# Every simple subgroup of $S_4$ is abelian

Q1 Prove that every simple subgroup of $$S_4$$ is abelian.

Q2 Using the above result, show that if $$G$$ is a nonabelian simple group then every proper subgroup of $$G$$ has index at least $$5$$.

My attempt

For Q1:

$$|S_4| = 4\cdot3\cdot2 = 2^3 \cdot 3$$.

One can exhibit all possible orders of subgroups of $$S_4$$ and eliminate subgroups according to the requirement that the subgroup is simple.

For example, any subgroup of order $$2\cdot 3$$ is not simple so needs not to be considered.

Then it might be possible to show that all remaining subgroups are abelian using results like a group of order $$p^2$$, where $$p$$ is a prime, is abelian.

For Q2

I think Cayley's Theorem is involved and I should probably consider the quotient of $$G$$ on a proper subgroup of $$G$$. But since $$G$$ is simple, the quotient is not a group. And I don't really know where to go from here.

My question

For Q1, I'm not sure that the above approach would work and even if it does, I feel like it is too cumbersome and there might be a more principled and more concise way.

Any help would be greatly appreciated.

• Please ask one question at a time. – Shaun May 5 '19 at 18:15
• @Shaun Given that the second question relies heavily on the result of the first question, I do not see the need to break them into two separate posts. – msd15213 May 5 '19 at 18:17
• Fair enough :) ${}$ – Shaun May 5 '19 at 18:18
• @Shaun thanks ;) – msd15213 May 5 '19 at 18:19

For the first question, every simple non-abelian group has order at least $$60$$, and hence cannot be a subgroup of $$S_4$$, which has only $$24$$ elements.

For the second question, if $$G$$ is a simple group with a subgroup of index $$n>1$$, then $$G$$ injects into the symmetric group $$S_n$$.

• I think the result you are using to answer the first question is more advanced than the question itself. – Derek Holt May 5 '19 at 15:16
• @DerekHolt True, but on the other hand we only need to look for the cases of divisors of $24$, which are included in the other answer, too. So we do not need the "advanced cases". The case $n=24$ is discussed in detail, too. – Dietrich Burde May 5 '19 at 15:17
• @DietrichBurde I looked at the other question you referred to and it's quite some work lol. But thanks I think I will spend some time on understanding that question. – msd15213 May 5 '19 at 15:36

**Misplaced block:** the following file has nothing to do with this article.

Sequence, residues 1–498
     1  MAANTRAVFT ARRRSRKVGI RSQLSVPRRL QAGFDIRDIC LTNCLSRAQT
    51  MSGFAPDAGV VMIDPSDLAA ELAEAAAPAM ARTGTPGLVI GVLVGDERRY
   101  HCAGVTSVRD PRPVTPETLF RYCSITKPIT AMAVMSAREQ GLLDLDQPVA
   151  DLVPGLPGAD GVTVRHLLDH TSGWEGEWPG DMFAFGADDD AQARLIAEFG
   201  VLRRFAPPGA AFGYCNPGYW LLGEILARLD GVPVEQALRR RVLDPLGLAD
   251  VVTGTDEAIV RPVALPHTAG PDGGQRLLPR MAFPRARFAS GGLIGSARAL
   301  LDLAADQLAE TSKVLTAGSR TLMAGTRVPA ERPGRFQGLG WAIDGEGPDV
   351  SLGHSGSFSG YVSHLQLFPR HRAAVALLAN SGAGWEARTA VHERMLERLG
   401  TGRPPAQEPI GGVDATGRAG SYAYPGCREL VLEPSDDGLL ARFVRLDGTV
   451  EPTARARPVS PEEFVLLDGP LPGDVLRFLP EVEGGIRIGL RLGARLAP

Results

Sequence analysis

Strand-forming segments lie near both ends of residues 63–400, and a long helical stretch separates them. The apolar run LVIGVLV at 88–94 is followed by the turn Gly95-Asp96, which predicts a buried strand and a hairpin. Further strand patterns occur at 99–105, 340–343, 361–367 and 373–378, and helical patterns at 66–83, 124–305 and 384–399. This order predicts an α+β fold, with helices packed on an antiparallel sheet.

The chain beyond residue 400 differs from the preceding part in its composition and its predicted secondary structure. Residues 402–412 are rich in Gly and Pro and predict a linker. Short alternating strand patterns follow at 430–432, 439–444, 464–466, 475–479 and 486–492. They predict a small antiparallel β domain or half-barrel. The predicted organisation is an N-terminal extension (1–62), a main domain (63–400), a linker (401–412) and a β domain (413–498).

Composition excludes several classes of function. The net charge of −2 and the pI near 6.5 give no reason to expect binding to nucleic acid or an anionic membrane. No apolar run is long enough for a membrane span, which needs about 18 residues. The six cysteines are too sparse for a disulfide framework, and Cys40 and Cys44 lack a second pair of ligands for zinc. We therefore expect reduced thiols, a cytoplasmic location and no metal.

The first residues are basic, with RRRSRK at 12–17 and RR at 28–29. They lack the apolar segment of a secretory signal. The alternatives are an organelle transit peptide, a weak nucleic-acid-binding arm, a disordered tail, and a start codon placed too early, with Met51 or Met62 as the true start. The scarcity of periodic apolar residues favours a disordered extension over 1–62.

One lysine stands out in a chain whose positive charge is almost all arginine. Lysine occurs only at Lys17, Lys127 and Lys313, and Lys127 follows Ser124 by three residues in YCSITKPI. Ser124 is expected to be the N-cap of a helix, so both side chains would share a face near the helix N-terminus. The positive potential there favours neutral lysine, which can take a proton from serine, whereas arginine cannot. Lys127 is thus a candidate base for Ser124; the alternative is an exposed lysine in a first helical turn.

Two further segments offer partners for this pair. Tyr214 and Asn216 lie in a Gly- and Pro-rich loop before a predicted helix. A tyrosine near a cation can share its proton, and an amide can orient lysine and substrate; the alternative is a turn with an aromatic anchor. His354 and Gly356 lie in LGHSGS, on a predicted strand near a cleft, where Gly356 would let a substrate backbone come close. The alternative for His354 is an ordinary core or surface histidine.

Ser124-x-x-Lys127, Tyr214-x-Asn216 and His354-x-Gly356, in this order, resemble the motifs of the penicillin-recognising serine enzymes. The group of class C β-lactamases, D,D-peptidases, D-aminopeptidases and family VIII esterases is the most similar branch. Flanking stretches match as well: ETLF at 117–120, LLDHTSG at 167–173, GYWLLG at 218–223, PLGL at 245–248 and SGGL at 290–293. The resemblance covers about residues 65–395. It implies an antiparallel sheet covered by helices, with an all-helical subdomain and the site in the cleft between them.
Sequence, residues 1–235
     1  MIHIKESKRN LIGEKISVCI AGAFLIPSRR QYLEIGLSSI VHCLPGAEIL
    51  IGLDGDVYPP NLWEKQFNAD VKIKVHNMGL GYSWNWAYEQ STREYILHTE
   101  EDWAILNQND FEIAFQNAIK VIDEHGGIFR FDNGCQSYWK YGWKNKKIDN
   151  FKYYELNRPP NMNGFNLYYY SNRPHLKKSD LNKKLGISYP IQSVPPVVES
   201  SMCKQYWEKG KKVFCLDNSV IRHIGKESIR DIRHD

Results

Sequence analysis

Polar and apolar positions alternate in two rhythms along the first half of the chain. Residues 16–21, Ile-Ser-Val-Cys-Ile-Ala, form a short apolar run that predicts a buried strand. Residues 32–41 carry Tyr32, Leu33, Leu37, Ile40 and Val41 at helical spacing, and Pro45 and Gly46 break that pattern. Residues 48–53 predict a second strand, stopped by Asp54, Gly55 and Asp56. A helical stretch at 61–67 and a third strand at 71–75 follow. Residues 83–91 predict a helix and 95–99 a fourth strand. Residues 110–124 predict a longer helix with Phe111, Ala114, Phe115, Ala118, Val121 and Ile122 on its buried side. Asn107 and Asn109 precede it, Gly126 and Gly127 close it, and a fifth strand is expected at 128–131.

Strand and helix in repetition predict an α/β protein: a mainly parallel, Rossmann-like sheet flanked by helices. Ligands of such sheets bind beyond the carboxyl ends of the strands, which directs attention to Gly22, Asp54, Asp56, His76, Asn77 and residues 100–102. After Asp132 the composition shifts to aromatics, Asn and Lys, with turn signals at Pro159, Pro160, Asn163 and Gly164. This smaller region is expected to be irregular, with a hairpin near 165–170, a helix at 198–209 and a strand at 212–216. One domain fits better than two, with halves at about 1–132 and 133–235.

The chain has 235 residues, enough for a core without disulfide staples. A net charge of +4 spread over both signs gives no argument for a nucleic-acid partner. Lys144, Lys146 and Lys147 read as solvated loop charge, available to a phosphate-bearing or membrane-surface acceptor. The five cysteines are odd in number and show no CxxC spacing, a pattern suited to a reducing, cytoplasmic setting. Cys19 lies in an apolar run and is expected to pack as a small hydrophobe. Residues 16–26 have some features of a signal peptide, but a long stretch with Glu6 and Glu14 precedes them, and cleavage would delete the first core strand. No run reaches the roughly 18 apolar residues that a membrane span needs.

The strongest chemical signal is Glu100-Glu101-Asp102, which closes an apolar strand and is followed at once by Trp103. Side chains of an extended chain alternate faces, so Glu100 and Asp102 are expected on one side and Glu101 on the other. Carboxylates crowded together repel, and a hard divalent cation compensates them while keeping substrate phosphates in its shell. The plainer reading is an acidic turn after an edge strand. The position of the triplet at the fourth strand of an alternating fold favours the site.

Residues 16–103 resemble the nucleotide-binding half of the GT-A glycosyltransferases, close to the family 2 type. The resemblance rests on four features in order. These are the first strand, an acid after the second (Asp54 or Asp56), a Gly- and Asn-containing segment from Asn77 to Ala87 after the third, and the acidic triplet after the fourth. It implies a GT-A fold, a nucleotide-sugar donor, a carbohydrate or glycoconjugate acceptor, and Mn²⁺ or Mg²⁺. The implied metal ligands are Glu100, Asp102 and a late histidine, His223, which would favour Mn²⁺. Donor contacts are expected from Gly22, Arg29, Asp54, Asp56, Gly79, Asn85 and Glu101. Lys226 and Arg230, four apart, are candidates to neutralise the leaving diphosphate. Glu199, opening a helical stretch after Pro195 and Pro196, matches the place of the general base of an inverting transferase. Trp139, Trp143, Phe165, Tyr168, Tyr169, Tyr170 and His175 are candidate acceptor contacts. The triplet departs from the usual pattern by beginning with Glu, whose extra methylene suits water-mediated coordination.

• @DietrichBurde About your answer to my second question, though. Could you please give some details on the specific map that we can construct from $G$ to $S_n$? I am trouble finding one. Thanks. – msd15213 May 5 '19 at 15:37
• @mkmlp You only have to look at a few cases, the divisors of $24$. As for $n=2,4,8$, these groups are nilpotent, hence not simple. For the injection to $S_n$ see the answer here. – Dietrich Burde May 5 '19 at 15:37

For the record, here is an elementary way of doing the first part - you might have another way of doing order $$6$$. It avoids any analysis of what the subgroups of order $$8$$ and $$12$$ actually are, but shows that if they exist, they have proper normal subgroups and therefore aren't simple.

The order of a subgroup is a factor of the order of the group.

Possible subgroup orders for $$S_4$$ are $$12, 8, 6, 4,3,2$$

The only groups of order $$4,3,2$$ are abelian.

A subgroup of order $$6$$ will contain an element of order $$3$$ and this will generate a normal subgroup (since the subgroup will have index $$2$$).

A subgroup of order $$8$$ will contain an odd permutation of order $$2$$ or $$4$$, and the even permutations will form a proper normal subgroup. (There aren't enough even permutations of order $$2$$ or $$4$$ to make a group of even permutations of order $$8$$)

A subgroup of order $$12$$ will either contain an odd permutation (in which case the even permutations form a proper normal subgroup) or will be all even permutations in which case the elements $$e, (12)(34), (13)(24), (14)(23)$$ will form a proper normal subgroup (union of conjugacy classes closed under multiplication and inverse).

The second part is covered by a link you have already been given.

• You have missed out $24$ and $1$ from your list of possible orders of subgroups. $1$ is trivial, but you need to deal with $24$. Of course that just means showing that $S_4$ itself is not simple. – Derek Holt May 5 '19 at 16:14
• @DerekHolt I was aware I hadn't dealt with those cases - you are right, of course, I should at least have done $24$ for which the even permutations form a normal subgroup. – Mark Bennet May 5 '19 at 17:01